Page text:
THE EPIC "Titanic" is starting to sail out of movie theaters. But it may have left a wake of devastation in its path in the hearts of teenage girls everywhere. And not just because they can't have Leonardo DiCaprio.
Yes, I thought the movie was wonderful. Part of me wanted to weep at the end when it's clear - I think everyone has seen the movie now, so it's safe to say - that Jack is a goner. Nor is it hard to pull for the beautiful Rose, who knows their hearts "will go on" as the "Titanic" theme song croons.But I was saddened much more thinking of one of "Titanic's" biggest audiences, according to several news reports, the millions of teenage girls, many of whom believe the intense sentiment and easy sex over a few days that formed the romantic centerpiece of "Titanic" is the kind of love they should strive for.
Old Rose herself clings to the memories of the boy she knew for a few days a lifetime ago. How sad - not just that she lost him, but that she held on for a lifetime to this impossibly romanticized version of love.
Imagine if you will that Jack had not gone the way of 1,500 other Ti-tanic passengers that cold April night, that Rose and he had started a life together. Considering they'd only known each other for a few days in the most extraordinary circumstances, the odds would be against them. Their life wouldn't be without its troubles - troubles that would either draw them together or push them apart.
At some point, Jack would surely have forgotten Rose's birthday, and she would be convinced he didn't love her anymore. Or she'd spend too much money they didn't have, or nag him about staying out all night with the boys, and they'd fight.
Then children might come, with all the pressures they bring. She might lecture him to get down off his artist's cloud and start thinking of a practical way to provide for the family. He might think she no longer understood his dreams.
Amid all this, if the foundation of their marriage was strong, they would learn about each other over a period of years. A decade into their marriage, they might laugh at something that would have infuriated one of them early on.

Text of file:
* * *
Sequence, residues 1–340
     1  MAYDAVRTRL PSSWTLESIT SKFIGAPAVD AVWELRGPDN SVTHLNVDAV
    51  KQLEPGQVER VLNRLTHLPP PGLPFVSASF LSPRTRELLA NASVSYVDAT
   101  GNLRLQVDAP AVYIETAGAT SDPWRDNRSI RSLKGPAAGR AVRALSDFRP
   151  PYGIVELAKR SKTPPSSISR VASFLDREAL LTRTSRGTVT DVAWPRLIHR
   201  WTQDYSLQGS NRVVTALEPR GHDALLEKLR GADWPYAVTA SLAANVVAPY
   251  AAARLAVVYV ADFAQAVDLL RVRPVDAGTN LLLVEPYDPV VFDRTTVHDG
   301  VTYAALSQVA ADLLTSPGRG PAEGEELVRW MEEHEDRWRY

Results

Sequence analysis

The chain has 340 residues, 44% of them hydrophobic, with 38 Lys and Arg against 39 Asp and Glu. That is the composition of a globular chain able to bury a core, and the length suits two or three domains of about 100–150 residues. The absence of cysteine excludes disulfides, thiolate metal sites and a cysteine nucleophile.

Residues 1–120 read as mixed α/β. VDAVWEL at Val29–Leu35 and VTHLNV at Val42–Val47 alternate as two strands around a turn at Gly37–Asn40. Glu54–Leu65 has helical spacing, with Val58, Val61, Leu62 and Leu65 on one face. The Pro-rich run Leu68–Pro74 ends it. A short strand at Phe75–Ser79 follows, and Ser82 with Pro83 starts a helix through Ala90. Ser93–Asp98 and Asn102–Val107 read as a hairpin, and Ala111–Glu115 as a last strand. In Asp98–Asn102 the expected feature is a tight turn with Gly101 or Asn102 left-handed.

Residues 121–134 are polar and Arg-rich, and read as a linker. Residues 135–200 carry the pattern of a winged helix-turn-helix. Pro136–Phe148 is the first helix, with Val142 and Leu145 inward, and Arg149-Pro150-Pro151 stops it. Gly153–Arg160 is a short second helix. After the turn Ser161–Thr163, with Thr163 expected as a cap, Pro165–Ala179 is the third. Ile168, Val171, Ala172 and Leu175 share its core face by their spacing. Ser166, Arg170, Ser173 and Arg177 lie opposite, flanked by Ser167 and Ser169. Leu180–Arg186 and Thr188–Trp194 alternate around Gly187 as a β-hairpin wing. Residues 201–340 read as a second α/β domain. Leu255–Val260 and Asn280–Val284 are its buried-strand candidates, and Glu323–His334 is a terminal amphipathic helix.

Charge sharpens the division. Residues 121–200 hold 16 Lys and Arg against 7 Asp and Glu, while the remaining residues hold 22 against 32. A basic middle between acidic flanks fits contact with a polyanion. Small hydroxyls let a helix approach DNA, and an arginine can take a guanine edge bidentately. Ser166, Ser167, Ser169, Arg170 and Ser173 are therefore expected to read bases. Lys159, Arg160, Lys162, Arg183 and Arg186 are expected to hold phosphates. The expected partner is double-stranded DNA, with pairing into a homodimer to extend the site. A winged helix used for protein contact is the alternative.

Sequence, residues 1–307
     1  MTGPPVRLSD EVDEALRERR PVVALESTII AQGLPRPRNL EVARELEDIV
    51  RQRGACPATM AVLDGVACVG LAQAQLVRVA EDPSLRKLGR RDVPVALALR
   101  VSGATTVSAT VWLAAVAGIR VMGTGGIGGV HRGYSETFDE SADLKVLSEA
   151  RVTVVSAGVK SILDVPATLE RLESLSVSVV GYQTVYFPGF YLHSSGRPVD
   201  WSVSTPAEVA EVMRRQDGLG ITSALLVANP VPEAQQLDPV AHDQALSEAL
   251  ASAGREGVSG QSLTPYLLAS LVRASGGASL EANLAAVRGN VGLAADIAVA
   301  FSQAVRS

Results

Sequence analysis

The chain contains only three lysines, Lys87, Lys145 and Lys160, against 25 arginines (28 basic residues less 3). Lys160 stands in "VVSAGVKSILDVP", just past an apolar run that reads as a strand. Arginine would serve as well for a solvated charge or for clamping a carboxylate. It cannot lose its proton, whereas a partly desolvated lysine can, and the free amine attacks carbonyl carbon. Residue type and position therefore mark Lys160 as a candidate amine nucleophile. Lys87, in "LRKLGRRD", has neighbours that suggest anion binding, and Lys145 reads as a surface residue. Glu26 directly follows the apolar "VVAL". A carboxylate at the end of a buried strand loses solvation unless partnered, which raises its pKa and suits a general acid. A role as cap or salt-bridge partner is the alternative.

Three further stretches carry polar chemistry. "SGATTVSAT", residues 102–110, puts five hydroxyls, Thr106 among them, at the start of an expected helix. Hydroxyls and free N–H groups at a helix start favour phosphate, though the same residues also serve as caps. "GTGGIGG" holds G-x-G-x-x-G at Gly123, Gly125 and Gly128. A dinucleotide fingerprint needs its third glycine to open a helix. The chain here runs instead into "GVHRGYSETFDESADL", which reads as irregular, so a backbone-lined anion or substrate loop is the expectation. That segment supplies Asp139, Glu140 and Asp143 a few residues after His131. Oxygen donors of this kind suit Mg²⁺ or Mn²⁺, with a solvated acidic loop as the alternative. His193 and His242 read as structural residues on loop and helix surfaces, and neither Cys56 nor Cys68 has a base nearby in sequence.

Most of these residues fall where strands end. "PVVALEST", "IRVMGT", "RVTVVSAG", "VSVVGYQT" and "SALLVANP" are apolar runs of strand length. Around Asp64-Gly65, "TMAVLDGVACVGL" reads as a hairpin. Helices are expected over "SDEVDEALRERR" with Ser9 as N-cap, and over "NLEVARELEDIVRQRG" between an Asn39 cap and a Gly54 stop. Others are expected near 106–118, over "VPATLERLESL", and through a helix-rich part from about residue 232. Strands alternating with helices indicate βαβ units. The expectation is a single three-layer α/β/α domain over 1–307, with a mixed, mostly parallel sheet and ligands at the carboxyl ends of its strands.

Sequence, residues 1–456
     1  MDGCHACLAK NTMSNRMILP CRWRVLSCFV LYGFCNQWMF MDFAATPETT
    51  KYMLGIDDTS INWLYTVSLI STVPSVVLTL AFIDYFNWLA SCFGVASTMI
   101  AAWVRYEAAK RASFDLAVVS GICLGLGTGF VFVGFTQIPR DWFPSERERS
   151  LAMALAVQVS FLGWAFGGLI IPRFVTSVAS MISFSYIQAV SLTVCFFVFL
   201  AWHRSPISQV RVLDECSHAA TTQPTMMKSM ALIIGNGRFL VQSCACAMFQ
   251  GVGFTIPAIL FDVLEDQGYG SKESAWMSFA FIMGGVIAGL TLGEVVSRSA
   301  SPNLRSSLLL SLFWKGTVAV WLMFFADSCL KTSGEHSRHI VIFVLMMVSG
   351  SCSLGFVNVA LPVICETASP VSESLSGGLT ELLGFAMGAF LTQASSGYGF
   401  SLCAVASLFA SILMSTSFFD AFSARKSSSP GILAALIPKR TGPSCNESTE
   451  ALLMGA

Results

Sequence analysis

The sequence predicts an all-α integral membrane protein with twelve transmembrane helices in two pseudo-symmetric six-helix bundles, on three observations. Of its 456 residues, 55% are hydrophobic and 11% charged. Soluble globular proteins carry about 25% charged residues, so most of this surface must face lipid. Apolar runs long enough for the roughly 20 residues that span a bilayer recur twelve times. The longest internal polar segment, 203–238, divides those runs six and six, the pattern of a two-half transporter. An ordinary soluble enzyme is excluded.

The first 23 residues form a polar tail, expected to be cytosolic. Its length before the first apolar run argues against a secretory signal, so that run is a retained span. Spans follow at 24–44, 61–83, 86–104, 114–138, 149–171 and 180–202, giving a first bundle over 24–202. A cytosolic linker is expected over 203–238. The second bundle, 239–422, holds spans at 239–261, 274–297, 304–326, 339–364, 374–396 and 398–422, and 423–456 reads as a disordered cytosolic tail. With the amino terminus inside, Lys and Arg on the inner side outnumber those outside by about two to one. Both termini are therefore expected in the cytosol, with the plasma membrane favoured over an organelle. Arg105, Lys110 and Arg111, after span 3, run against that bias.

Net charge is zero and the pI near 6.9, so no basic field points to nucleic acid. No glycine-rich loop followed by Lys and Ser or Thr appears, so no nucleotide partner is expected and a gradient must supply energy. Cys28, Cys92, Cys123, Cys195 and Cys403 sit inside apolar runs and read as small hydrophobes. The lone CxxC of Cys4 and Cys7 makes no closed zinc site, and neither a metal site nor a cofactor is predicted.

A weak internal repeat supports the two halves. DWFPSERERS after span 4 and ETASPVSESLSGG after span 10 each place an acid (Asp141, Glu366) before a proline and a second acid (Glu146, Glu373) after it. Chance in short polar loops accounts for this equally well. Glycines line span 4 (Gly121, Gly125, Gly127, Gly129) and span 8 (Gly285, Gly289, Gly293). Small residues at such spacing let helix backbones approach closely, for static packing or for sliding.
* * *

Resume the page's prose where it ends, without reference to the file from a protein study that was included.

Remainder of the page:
Each would learn to have more patience and understanding when it was needed by the other. They would live through a child's illness or a financial downturn or much worse, and they would come through it together stronger than they ever imagined. Each year would add to their storehouse of shared memories and increase their sense of oneness.
The "feelings" of intense romance might ebb and flow and settle down. If it's a weak marriage, that might frighten one of them into leaving. But if it's a strong marriage, they would understand the depth of love that doesn't always show itself in surface notions of romance. They would be able to say even years later, "I love you more today than yesterday, but not as much as tomorrow," as another song says. And they would laugh together at how very little they really knew each other and how little they knew about love when they first said "I love you."
But of course that's not what millions of teenage girls saw. They in particular are led to believe by this and so many other popular treatments of love that a few days of intense romance should be able to stand the test of time. Then, later, they find themselves unprepared when time does test a love they claim and are stunned when something that looks so beautiful and sturdy on the outside can so easily fall apart. Much like the "Titanic" itself.
It's little wonder our society has so many young people that need so much rescuing.